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Delta MP candidates answer your questions: PPC’s Paul Tarasenko

Candidates were asked to answer five questions submitted by North Delta Reporter readers
Paul Tarasenko, People’s Party candidate for Delta MP. (submitted photo)

The North Delta Reporter sent all six candidates running to represent Delta in Parliament five questions submitted by readers to gauge their positions on some of the big issues for voters in the 2021 federal election. Candidates were given a limit of 1,250 words total to answer your questions. Here’s what People’s Party candidate Paul Tarasenko had to say:

1) Why are you running to be Delta’s MP? Why should voters choose you to be their representative in Parliament?

I am running to be Delta’s MP because I am tired of all of these politicians that are claiming to care about their constituents but in fact they tow the party line in order to keep their job. They are disconnected from the people that they are supposed to represent. They should be serving the riding’s interests and not the interests of the party.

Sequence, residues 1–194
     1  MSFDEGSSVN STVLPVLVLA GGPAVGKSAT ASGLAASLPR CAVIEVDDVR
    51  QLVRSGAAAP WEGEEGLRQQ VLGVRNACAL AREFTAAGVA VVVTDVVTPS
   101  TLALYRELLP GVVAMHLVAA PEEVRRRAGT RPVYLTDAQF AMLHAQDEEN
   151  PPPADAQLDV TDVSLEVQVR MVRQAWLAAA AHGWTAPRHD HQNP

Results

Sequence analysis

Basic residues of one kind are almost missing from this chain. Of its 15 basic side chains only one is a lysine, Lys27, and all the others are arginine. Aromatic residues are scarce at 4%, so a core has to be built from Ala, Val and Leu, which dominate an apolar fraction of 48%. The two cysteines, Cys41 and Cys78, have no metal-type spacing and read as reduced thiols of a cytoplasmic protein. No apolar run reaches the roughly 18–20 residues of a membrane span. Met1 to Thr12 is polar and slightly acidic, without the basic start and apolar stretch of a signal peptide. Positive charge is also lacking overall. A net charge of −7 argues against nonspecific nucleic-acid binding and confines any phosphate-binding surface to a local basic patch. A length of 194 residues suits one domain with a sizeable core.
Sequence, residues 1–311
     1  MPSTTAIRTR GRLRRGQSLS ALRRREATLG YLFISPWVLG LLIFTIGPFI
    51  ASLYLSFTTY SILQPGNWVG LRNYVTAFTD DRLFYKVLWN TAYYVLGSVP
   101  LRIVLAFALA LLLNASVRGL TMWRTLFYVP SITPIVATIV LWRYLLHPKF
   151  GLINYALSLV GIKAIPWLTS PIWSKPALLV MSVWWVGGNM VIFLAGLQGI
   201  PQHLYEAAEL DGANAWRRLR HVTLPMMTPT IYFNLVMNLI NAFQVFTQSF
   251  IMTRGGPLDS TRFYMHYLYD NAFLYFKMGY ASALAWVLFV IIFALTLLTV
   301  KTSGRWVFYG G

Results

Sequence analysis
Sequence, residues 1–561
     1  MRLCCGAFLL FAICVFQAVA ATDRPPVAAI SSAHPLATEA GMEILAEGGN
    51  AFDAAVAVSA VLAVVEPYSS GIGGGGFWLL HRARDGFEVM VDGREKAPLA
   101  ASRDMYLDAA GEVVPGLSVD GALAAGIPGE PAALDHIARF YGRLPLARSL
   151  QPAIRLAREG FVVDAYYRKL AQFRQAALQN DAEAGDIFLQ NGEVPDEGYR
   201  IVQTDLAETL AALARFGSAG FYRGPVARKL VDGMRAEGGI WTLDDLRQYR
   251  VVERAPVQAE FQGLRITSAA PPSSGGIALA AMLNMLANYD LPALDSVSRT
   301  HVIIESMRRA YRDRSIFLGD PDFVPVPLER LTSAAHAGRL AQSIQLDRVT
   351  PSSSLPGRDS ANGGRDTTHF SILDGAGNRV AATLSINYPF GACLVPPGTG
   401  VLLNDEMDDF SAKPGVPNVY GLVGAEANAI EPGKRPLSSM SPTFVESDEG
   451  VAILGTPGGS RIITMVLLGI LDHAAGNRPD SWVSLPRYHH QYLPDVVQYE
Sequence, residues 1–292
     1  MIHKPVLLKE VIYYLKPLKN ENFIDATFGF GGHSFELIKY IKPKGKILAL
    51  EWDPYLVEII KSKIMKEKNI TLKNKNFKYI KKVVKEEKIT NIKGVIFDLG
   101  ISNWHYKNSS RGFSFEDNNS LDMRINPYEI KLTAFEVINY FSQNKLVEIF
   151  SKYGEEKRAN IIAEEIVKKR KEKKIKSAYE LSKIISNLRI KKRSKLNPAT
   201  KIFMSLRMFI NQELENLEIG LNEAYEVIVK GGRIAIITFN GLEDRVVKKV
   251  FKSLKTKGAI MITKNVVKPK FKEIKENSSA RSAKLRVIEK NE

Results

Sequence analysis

They should pick me as their representative in parliament because the PPC party has a policy of not having a party whip. This means that I am not forced to vote a certain way. I can pick and choose how I vote on different bills. With this freedom, I am able to perfectly represent the interests of the people of Delta and they can be sure that if a bill was proposed that would jeopardize their interests I will be the first one to raise my opposition.

2) What are your top priorities if you are elected on Sept. 20?

My top priorities are to balance our budget as soon as possible and to try to relieve the amount of taxes that Canadians have to suffer.

We need to get our small businesses sector thriving again in Delta. Small businesses are vital because not only do they reflect the culture, heritage and values of the community, but they are the largest source of job creation in the Canadian economy. It saddens me to see that so many local mom-and-pop stores were forced to shut down and may never reappear.

I also plan to look and support ways that we can help lower the housing prices because everyone deserves a place where they can feel comfortable and safe from the outside elements.